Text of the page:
Stirnweiss in 1948
|Born: October 26, 1918|
New York City, New York
|Died: September 15, 1958 (aged 39)|
Newark Bay, New Jersey
|April 22, 1943, for the New York Yankees|
|Last MLB appearance|
|May 3, 1952, for the Cleveland Indians|
|Runs batted in||281|
|Career highlights and awards|
George Henry "Snuffy" Stirnweiss (October 26, 1918 – September 15, 1958) was an American professional baseball second baseman. He played in Major League Baseball (MLB) between 1943 and 1952, spending most of his MLB career with the New York Yankees, and spending his last couple of seasons playing with the St. Louis Browns and the Cleveland Indians. A batting champion in 1945 and a two-time All-Star, he played a role with three different World Series championship squads during his time in New York.
Early life and college
Before turning professional, Stirnweiss was a multi-sport star in high school at Fordham Preparatory School in The Bronx. In 1935, his junior year, he led his school to championships in both baseball and basketball, and was the star of both teams in the process, while being a leader for the gridiron football team as well. These accolades helped to earn him a spot in the school's Hall of Honor upon his graduation from Fordham Prep in 1936. Furthermore, he was able to parlay his sporting accomplishments into attending the University of North Carolina, where he played significant roles with the football and baseball programs. As a football player, he was used in a quarterback and halfback hybrid role, while also being capable of booming punts further down field than most other punters were capable of doing during this time period. His football prowess earned him many accolades, including the highest honor an athlete can achieve at North Carolina, the Patterson Medal, awarded to the senior athlete in the University who is judged by a committee of faculty, administrators, and students to be most outstanding in athletic ability, sportsmanship, morale, leadership, and general conduct.
Stirnweiss also played baseball while at North Carolina, though he was not as renowned for his baseball exploits. Stirnweiss was a high draft pick by the Chicago Cardinals of the National Football League (NFL) in the 1940 NFL draft, but after receiving an offer from the New York Yankees, he opted to pursue a baseball career and signed with the New York organization upon his graduation from North Carolina in 1940.
Stirnweiss spent the first three seasons of his professional baseball career in the minor leagues, playing the majority of his first season for the Norfolk Tars of the Piedmont League before being promoted and spending two full seasons in 1941 and 1942 in Double-A with the Newark Bears, a member of the International League. A second baseman, Stirnweiss posted moderate statistics in the minors, but with Joe Gordon as the incumbent second baseman at the top flight in the organization, Stirnweiss was not due for a promotion to New York. For his part, Gordon was named the Most Valuable Player of the American League in 1942 after posting a .322 batting average and 103 runs batted in.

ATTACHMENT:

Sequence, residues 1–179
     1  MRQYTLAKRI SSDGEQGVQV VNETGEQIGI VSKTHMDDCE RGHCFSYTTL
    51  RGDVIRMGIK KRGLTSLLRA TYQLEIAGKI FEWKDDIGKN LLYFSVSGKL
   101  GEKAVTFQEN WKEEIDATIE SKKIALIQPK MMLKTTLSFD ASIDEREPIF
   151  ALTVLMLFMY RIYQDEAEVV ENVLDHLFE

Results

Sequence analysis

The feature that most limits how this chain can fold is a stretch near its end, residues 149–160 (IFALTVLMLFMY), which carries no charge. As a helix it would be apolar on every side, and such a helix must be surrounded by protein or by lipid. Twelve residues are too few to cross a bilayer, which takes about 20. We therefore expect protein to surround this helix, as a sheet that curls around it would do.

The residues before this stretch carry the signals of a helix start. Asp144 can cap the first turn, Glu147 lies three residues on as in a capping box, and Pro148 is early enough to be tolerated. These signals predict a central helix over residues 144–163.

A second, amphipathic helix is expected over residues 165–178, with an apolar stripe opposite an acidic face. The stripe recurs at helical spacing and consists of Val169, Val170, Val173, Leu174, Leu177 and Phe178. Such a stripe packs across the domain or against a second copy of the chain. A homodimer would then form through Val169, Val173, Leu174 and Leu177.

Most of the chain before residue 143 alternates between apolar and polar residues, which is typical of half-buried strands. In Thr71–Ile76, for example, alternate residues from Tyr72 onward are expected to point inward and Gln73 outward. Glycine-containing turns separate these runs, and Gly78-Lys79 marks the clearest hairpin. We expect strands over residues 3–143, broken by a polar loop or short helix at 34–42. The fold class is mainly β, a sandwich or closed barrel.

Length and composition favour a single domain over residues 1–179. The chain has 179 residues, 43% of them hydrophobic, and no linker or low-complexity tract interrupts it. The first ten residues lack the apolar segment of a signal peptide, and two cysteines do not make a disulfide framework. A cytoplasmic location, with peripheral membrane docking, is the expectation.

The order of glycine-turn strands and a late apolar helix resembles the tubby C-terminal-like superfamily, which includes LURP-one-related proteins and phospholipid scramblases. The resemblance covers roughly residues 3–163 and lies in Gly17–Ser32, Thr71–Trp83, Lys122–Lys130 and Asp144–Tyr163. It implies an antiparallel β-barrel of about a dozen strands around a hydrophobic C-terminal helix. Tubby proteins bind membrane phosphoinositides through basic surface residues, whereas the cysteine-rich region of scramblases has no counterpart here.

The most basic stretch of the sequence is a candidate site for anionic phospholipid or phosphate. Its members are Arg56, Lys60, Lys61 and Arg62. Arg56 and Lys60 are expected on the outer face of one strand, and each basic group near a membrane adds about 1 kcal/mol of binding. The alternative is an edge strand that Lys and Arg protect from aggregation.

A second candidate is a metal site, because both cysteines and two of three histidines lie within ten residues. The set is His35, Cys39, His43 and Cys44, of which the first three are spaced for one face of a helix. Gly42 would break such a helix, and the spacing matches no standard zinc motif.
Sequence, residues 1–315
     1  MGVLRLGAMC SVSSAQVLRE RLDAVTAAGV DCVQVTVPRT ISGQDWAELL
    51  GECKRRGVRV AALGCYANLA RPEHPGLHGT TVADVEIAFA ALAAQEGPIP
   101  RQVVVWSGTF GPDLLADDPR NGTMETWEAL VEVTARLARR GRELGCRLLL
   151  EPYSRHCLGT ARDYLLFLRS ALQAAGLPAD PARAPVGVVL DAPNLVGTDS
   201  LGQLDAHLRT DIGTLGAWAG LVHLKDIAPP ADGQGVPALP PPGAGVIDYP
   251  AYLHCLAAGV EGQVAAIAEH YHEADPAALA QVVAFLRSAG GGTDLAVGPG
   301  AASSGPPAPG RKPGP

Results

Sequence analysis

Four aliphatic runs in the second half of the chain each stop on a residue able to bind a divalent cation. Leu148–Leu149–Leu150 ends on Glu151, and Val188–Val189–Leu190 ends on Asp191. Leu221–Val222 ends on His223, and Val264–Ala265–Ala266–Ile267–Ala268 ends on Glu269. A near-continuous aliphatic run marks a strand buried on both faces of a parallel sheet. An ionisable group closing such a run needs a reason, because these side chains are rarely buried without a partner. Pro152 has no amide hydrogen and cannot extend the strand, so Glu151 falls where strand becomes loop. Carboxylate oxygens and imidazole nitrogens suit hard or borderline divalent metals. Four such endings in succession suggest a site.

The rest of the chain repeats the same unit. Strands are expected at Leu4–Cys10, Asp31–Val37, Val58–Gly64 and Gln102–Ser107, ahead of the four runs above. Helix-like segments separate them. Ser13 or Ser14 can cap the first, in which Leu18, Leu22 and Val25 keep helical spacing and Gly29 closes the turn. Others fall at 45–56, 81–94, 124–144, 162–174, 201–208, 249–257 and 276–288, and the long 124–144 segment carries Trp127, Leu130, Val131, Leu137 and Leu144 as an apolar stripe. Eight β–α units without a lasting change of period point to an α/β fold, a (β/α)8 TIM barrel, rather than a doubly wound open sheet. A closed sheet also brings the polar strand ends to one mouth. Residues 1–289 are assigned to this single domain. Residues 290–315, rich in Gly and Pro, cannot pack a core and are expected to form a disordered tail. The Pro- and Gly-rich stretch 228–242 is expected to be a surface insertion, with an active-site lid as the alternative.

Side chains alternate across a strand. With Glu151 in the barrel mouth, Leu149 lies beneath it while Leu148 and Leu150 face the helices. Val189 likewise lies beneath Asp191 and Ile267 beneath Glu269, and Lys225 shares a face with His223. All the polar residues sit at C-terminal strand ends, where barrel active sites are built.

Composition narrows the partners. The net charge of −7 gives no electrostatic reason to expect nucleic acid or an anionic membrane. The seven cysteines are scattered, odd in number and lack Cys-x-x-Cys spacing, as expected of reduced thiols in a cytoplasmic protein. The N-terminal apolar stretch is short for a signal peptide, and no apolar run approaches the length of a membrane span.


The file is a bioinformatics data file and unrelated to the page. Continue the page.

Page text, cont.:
However, the United States joined World War II after the 1941 MLB season, and in the next couple of years, many prominent MLB superstars joined the military; among others, Joe Gordon and Joe DiMaggio served for years in the military as well as Charlie Keller spending 1944 on military duty. For Stirnweiss, the war was the break he needed to get his foot in the door in the Major Leagues. When Stirnweiss was 24, the Yankees promoted him to the majors for the 1943 season. He posted meager numbers for a utility player dividing his time between shortstop and second base. In 83 games, he hit .219 while providing uneven results as a base stealer and only thirteen extra base hits in over 300 plate appearances. He hit his first career home run, and his only home run of 1943, in a late-August double header at Briggs Stadium in Detroit in a 5–1 New York win. The 1943 Yankees won the American League pennant with 98 wins; Stirnweiss played little in the World Series that year. Stirnweiss only managed to earn one plate appearance, serving as a pinch-hitter for the pitcher Hank Borowy late in Game 3 with the Yankees trailing, but on a subsequent sacrifice bunt, the third baseman committed an error, paving the way for a five-run rally in a game New York won, 6–2. The Yankees, having lost in the previous year's World Series to the St. Louis Cardinals in upset fashion, returned the favor in 1943 and won the championship in five games.
Peak years: 1944–1945
In 1944, Gordon joined the military and temporarily vacated his ironclad second base position. As a regular in 1944, Stirnweiss served as the Yankee lead-off hitter and led the league in plate appearances, runs, triples, and stolen bases, socking 59 extra base hits in total while hitting .319. Providing sturdy and almost error-less defense from second base as well, Stirnweiss was arguably the most vital player on a Yankee team that won 83 games and finished in third place in the American League in 1944. His contributions were so outstanding that he was awarded with a fourth-place finish in the AL MVP voting at the close of the 1944 season.